Tell it to their families

Rumsfeld comments on the recent attack on an American helicopter, which so far has resulted in the death of 16 soldiers:

“In a long, hard war, we’re going to have tragic days, as this is,” Rumsfeld told ABC’s “This Week.” “But they’re necessary. They’re part of a war that’s difficult and complicated.”

A Dictator?

The Washington Post reports that the Coalition has brought the flat tax to Iraq:

    It took L. Paul Bremer, the U.S. administrator in Baghdad, no more than a stroke of the pen Sept. 15 to accomplish what eluded the likes of publisher Steve Forbes, former representative Jack Kemp (R-N.Y.), former senator Phil Gramm (R-Tex.) and former representative Richard K. Armey (R-Tex.) over the course of a decade and two presidential campaigns.

    “The highest individual and corporate income tax rates for 2004 and subsequent years shall not exceed 15 percent,” Bremer wrote in Coalition Provisional Authority Order Number 37, “Tax Strategy for 2003,” issued last month.

Here comes the punchline:

    Bremer’s new economic policy for Iraq will slash Saddam Hussein’s top tax rate for individuals and businesses from 45 to 15 percent. Of course, since Hussein’s government, like others in the Middle East, almost never enforced tax collection, there is no real history of paying taxes in the country.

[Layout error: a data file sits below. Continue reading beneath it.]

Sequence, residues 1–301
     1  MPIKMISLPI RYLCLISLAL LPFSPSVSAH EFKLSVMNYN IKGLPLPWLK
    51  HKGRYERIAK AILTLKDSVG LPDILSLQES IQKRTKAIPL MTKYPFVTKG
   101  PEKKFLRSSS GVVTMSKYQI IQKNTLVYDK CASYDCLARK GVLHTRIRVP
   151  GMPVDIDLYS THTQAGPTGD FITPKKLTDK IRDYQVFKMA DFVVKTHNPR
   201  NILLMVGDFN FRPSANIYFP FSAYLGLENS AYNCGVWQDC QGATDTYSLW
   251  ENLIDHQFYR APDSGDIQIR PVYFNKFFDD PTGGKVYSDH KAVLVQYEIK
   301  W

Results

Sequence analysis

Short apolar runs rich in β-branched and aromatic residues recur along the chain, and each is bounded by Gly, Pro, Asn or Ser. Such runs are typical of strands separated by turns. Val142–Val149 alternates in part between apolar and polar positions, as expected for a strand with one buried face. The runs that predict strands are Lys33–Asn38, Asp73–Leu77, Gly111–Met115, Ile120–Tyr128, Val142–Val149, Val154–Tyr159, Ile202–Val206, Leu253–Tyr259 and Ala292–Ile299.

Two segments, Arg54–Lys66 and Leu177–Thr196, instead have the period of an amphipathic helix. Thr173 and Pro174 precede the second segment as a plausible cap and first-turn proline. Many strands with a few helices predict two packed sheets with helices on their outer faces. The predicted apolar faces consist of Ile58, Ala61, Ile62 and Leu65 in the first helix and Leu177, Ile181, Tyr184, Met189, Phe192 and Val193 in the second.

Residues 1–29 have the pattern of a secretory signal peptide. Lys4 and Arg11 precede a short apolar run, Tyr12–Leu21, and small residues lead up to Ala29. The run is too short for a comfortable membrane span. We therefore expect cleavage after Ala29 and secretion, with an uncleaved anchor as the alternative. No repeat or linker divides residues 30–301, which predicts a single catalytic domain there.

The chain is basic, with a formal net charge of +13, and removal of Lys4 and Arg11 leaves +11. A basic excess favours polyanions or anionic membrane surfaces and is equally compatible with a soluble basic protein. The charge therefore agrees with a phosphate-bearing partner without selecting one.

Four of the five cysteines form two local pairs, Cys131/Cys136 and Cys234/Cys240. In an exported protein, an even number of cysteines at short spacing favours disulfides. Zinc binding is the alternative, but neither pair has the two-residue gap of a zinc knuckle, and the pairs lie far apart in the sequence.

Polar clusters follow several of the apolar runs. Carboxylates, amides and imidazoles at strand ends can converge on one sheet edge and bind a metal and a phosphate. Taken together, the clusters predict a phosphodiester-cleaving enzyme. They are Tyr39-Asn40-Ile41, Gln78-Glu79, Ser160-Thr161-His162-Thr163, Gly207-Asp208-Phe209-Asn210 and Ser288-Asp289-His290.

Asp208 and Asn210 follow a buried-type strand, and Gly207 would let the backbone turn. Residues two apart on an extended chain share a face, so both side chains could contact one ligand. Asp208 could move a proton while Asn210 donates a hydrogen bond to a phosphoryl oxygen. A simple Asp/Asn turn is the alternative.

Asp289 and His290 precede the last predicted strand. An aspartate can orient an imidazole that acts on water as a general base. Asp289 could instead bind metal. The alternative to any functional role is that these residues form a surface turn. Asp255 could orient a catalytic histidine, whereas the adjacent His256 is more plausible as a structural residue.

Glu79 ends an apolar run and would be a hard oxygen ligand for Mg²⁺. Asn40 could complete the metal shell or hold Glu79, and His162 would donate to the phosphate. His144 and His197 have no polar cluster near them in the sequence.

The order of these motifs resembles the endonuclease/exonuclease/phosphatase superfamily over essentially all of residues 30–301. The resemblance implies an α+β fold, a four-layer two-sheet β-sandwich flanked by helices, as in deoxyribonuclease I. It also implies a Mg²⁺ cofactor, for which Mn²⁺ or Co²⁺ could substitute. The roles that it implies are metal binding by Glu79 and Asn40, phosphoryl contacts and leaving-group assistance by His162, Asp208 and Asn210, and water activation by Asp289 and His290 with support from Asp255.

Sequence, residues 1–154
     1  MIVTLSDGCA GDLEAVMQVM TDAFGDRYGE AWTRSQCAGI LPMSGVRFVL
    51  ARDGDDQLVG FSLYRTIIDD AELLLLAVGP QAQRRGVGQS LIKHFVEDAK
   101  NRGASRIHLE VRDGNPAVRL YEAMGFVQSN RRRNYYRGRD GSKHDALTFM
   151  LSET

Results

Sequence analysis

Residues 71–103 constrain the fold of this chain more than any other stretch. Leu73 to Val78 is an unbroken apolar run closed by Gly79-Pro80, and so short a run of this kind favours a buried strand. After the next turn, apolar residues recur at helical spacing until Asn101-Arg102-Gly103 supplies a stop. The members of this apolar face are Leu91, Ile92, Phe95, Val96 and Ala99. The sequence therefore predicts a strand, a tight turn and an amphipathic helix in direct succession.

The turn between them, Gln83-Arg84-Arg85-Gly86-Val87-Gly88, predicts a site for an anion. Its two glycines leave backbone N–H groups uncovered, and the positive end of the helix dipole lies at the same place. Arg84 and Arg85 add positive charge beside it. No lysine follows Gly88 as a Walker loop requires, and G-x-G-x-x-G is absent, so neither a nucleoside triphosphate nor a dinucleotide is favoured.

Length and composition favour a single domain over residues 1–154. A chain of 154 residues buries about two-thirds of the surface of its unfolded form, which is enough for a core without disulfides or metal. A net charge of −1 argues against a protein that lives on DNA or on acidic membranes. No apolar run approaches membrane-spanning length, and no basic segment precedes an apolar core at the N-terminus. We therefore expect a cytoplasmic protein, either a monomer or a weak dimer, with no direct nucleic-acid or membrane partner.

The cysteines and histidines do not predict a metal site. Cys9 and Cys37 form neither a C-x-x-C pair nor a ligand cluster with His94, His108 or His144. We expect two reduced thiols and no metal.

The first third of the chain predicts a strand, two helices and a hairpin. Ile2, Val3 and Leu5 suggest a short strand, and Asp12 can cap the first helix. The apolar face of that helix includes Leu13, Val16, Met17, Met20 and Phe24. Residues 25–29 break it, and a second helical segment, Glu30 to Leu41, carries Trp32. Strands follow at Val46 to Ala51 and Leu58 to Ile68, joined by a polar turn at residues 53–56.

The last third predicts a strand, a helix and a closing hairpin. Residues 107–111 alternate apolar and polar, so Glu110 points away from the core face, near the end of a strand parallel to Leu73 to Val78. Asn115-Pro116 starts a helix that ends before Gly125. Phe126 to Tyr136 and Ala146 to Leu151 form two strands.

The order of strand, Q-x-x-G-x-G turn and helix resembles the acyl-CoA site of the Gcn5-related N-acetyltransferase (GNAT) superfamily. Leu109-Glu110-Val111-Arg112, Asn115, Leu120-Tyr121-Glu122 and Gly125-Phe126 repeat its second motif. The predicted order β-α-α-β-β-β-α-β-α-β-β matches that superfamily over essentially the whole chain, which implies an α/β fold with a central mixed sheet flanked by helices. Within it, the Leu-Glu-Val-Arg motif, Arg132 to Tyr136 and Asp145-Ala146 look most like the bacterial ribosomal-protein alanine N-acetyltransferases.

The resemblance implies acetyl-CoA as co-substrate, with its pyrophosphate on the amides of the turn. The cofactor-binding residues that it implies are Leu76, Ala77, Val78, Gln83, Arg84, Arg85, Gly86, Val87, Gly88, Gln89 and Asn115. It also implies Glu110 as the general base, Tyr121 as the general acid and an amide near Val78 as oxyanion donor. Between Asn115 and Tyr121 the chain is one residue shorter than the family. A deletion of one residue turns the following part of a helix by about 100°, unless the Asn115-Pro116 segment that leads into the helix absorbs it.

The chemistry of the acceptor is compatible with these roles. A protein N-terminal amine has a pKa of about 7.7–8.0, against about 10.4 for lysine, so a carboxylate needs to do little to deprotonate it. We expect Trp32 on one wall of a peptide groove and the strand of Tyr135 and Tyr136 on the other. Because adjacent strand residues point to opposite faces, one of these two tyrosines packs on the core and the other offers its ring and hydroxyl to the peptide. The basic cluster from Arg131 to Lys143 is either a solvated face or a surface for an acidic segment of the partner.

I have to admit that Saddam had some endearing qualities (ok, just this one)…

War Politics Without Romance

I found this essay: “Public Choice: Politics Without Romance,” by James M. Buchanan, on the excellent (though pro-imperialism-tending) website.

“Armed with nothing more than the rudimentary insights from public choice, persons could understand why, once established, bureaucracies tend to grow apparently without limit and without connection to initially promised functions. They could understand why pork-barrel politics dominated the attention of legislators; why there seems to be a direct relationship between the overall size of government and the investment in efforts to secure special concessions from government (rent seeking); why the tax system is described by the increasing number of special credits, exemptions, and loopholes; why balanced budgets are so hard to secure; and why strategically placed industries secure tariff protection.”


“There’s stuff that I’ve only seen in museums, in books or on the Internet,” said Sgt. 1st Class Nelson Castro, the 3-16th’s master gunner. “Most of this stuff is in fairly good shape.”